Mountain Bike Shenanigans

Highs and Lows of International Travel
July 30th, 2006

I’m in a rather lovely hotel just off Harvard Square in Cambridge, MA. Yesterday I hopped off the subway just north of the river and walked up Main Street through the MIT campus and onwards into Harvard. What a contrast between the two University campuses. Both like Manchester are very much integrated into the urban area, but there are vastly more big name chains and shops integrated into them. MIT has many ultra modern buildings, whilst Harvard seems to have many more that share the classical architecture that the older Oxbridge colleges offer.

After a bit of wandering I managed to find the hotel and after checking, I headed back out into the sweaty night iand wound up in a top bar called Grendel’s Den. This little gaff served the local beer, Sam Adams, and some too sweet for my palate stuff called Magic Hat #9 from Vermont. Factor in some top food outside on the terrace and live music from a band just sitting on park benches playing to folk on a humid, warm summer evening and it was a great way to spend the evening.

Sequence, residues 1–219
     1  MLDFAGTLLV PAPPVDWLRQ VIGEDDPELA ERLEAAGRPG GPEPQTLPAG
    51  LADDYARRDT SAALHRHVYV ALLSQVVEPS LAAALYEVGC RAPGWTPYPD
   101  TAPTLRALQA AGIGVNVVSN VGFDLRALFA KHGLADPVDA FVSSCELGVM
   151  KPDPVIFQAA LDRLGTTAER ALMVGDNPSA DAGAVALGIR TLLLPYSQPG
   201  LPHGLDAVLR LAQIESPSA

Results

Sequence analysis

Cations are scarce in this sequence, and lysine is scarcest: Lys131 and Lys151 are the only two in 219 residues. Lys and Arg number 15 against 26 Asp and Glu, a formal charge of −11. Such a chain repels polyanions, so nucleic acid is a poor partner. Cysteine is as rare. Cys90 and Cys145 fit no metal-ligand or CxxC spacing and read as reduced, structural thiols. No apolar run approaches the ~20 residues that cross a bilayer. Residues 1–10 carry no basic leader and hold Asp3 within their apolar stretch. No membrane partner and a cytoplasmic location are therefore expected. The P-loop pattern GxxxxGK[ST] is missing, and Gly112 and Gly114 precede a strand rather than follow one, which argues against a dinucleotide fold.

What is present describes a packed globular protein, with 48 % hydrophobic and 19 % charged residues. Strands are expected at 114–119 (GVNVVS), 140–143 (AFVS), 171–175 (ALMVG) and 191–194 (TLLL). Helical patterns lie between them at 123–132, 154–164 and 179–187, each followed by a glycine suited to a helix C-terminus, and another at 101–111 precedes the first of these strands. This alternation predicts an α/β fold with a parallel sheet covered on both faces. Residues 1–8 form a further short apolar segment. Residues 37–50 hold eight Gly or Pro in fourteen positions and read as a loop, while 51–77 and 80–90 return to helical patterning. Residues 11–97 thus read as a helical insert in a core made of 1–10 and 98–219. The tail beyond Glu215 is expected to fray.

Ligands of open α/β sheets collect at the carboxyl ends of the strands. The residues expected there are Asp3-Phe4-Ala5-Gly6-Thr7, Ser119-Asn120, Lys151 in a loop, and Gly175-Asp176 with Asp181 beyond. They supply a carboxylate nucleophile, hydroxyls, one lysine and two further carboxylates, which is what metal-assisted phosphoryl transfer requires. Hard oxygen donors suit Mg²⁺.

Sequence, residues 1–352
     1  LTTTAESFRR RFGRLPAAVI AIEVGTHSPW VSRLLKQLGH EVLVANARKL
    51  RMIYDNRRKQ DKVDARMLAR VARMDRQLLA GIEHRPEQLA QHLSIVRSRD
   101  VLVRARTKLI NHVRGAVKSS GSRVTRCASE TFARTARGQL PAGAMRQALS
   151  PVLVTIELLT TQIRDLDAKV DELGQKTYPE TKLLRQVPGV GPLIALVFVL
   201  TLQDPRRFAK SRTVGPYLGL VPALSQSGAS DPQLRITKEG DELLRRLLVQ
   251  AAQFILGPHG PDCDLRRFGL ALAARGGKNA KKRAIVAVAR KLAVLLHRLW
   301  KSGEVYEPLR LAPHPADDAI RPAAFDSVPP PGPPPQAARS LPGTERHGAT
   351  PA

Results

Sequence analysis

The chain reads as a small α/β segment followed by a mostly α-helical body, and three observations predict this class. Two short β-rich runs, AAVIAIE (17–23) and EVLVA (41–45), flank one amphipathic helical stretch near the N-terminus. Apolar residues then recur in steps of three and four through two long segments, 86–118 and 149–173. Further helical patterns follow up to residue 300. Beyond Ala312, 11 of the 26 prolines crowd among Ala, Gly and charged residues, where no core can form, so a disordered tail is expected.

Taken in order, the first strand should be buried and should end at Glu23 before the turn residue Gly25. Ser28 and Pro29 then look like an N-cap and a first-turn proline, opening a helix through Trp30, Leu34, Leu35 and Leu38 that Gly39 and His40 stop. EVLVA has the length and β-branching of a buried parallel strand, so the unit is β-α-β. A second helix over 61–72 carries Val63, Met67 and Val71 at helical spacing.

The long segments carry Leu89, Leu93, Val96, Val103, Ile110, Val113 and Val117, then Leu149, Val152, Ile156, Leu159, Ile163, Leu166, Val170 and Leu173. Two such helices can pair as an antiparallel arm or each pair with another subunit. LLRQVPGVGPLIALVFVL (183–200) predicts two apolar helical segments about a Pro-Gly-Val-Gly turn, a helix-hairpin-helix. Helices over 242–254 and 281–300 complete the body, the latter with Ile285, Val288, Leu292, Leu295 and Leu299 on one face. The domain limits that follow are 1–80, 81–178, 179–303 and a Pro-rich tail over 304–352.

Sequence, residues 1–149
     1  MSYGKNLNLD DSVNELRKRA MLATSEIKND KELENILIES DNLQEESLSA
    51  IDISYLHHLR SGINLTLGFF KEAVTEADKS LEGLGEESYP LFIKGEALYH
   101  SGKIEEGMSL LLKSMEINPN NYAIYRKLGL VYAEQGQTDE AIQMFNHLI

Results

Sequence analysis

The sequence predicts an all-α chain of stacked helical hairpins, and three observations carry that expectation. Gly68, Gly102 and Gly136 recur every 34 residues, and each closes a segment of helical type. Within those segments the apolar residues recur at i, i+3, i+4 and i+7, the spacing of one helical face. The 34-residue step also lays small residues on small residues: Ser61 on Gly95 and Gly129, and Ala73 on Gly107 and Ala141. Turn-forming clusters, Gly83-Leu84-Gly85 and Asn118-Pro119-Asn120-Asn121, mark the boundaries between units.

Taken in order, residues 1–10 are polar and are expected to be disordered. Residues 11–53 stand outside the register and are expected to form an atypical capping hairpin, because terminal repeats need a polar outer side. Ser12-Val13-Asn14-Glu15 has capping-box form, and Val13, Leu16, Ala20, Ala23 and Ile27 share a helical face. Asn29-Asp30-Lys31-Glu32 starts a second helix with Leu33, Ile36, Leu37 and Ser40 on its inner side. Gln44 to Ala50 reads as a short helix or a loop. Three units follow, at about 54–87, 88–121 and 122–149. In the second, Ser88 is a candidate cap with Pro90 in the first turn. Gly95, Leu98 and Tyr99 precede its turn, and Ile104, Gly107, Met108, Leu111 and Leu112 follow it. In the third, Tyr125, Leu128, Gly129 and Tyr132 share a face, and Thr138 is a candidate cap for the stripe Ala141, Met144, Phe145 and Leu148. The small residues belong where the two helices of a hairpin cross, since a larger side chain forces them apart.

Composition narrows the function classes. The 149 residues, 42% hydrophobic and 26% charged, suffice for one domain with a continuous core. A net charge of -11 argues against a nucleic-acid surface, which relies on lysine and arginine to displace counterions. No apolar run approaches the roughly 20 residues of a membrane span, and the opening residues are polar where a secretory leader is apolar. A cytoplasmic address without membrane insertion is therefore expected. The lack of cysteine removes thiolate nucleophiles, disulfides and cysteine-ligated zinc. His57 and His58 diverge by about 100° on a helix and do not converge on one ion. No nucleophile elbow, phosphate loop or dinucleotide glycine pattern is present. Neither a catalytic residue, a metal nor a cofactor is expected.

Of course actually getting here was rather more complicated. I recognise in the wake of 9/11 that they Americans are rather more security conscious but… The UK side of things was fairly normally. Getting frisked before boarding doesn’t seem that unnatural anymore. Having to give index finger fingerprints and have a digital photo taken at the passport control in Philly did feel like a bit of an invasion. From landing to getting to my connecting flight (which involved getting through passport control and then customs) took an hour and a half of standing in big old queues. I know it took exactly this long because I only just made it onto the plane. They literally shut the door behind me and started taxiing off.